The six-time Wimbledon champion was sent packing from the All England Club in stunning fashion on Wednesday, blowing a two-set quarterfinal lead to No. 12-seed Jo-Wilfried Tsonga. The Frenchman advances to face Novak Djokovic in a Friday semifinal.
Federer cruised out of the gate, riding an early break to a first-set win and dominating in a second-set tiebreaker. Most had penciled, if not Sharpied, him into the next round. Commentators on television spent most of the third set discussing Federer's chances of winning a seventh Wimbledon crown, which would have tied him with Pete Sampras for the most in history.
Through this, a funny thing was happening on the way to Federer's coronation. Tsonga was dominating his service games. After breaking early in the match, Federer never had another break point. It was easy not to notice, the first-set victory being followed by the tiebreak win and all. When Tsonga finally broke through and got a break of his own, Federer didn't have a legitimate chance to break back. Every time he got out to a quick lead on Tsonga's serve, the Frenchman seemed to respond with an ace down the middle or a quick winner.
Federer didn't help himself. His forehand, which had been executed with pinpoint accuracy in the first two sets, was spraying all over the court and his footwork looked sluggish. Both players got to almost everything but only Tsonga was creating winners on those kinds of points.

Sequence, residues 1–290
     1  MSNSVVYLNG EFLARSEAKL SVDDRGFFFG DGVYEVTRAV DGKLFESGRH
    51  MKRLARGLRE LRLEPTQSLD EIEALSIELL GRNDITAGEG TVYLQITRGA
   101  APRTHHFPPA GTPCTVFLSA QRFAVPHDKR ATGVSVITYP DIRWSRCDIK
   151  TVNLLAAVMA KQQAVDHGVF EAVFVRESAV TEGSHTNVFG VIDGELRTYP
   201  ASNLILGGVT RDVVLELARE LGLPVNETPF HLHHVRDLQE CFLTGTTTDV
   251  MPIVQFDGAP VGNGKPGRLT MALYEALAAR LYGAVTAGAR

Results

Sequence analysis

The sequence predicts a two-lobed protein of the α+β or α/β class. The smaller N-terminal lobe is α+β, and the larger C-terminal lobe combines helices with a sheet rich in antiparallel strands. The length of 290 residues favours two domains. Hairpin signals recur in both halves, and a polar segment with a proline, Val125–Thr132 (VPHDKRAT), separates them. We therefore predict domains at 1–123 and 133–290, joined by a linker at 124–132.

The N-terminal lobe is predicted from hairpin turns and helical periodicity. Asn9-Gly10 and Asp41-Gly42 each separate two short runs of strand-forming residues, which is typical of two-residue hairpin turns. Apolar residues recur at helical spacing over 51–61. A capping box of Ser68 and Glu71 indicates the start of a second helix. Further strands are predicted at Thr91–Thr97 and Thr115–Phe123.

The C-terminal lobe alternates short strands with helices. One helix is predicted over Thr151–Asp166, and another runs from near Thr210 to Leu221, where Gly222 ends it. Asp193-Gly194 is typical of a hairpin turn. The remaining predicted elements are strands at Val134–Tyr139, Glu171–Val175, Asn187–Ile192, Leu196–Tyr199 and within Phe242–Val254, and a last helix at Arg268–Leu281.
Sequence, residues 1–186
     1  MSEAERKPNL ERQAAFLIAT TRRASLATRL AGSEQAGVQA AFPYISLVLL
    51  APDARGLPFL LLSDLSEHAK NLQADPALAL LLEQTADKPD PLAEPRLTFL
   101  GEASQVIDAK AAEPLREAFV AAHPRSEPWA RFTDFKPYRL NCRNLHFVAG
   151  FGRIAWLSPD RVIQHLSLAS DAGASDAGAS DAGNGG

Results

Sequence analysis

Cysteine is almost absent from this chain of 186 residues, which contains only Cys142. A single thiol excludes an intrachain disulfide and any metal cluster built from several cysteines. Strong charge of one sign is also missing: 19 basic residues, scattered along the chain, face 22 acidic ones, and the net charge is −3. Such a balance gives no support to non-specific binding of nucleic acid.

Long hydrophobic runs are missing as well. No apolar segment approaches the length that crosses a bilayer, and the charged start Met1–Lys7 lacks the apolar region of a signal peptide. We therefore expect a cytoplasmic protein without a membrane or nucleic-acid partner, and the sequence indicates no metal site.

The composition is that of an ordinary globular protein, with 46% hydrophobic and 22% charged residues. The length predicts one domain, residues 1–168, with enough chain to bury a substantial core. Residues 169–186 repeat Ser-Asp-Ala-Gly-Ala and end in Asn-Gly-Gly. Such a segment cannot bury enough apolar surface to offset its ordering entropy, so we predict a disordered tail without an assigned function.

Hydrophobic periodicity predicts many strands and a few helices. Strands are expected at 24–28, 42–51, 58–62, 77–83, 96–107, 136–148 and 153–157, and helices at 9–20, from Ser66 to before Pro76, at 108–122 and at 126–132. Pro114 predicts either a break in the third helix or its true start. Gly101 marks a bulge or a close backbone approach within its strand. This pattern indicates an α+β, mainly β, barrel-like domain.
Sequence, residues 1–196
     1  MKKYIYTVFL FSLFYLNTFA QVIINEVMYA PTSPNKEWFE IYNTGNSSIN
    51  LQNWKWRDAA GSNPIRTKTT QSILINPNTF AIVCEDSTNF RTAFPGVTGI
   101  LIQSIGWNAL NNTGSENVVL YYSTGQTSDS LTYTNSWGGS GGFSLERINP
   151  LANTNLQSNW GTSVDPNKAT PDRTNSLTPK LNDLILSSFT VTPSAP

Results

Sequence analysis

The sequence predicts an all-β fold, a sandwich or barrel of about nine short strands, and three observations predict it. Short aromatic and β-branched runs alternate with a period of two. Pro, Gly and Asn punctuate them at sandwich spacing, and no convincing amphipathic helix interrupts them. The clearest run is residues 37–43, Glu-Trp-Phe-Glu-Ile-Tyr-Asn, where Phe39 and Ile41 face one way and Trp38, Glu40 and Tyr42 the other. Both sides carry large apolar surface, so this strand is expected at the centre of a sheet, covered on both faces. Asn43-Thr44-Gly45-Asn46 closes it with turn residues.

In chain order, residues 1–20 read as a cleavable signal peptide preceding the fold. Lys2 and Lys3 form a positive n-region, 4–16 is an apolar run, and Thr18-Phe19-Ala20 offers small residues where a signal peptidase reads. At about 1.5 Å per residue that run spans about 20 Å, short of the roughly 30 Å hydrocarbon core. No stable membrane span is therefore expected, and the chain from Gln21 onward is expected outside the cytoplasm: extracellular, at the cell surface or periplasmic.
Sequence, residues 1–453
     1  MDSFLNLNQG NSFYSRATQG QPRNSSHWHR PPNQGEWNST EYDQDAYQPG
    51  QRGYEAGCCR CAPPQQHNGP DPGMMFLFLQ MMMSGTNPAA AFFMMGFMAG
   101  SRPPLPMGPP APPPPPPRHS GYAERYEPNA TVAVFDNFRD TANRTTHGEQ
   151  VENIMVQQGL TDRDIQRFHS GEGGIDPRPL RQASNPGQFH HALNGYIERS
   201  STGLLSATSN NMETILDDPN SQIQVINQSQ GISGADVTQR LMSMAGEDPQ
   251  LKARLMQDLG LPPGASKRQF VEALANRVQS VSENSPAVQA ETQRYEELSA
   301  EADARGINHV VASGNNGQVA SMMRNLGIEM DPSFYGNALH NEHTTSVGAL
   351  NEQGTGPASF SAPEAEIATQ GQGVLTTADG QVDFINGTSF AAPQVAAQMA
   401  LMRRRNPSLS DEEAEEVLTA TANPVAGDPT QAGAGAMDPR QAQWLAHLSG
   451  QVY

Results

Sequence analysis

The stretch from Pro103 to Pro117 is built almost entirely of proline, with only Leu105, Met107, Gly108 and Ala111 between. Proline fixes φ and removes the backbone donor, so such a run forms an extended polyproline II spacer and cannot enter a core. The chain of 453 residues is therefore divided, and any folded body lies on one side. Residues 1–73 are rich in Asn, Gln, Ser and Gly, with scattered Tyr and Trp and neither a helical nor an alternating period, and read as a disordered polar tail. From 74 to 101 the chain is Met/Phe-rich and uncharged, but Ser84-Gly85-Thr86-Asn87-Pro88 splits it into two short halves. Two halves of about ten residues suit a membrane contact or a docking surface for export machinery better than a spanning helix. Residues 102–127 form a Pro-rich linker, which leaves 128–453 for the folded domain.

Blowing the lead will dominate the headlines. Much more disturbing for Federer is that this is his second straight exit in the Wimbledon quarterfinals after seven straight years of advancing to the final. The all-time winningest Grand Slam champion has been in his "lion in winter" phase for three years now, ever since his 2008 Wimbledon finals loss to Rafael Nadal. It's still premature. Of course his game has slipped from its transcendent peak. Could it have fallen that far if a quarterfinal loss is met with such astonishment?
In an interview with the BBC after the match, Tsonga was asked how he managed to come back from two down. The first-time Wimbledon semifinalist flashed a sheepish smile and said, "I don't know yet."
He's not the only one.
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- Roger Federer